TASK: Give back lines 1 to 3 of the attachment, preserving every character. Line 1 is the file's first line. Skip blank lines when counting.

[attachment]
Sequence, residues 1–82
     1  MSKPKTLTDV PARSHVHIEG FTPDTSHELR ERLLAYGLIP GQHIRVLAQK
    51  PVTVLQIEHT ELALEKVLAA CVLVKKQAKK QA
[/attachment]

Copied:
Sequence, residues 1–82
     1  MSKPKTLTDV PARSHVHIEG FTPDTSHELR ERLLAYGLIP GQHIRVLAQK
    51  PVTVLQIEHT ELALEKVLAA CVLVKKQAKK QA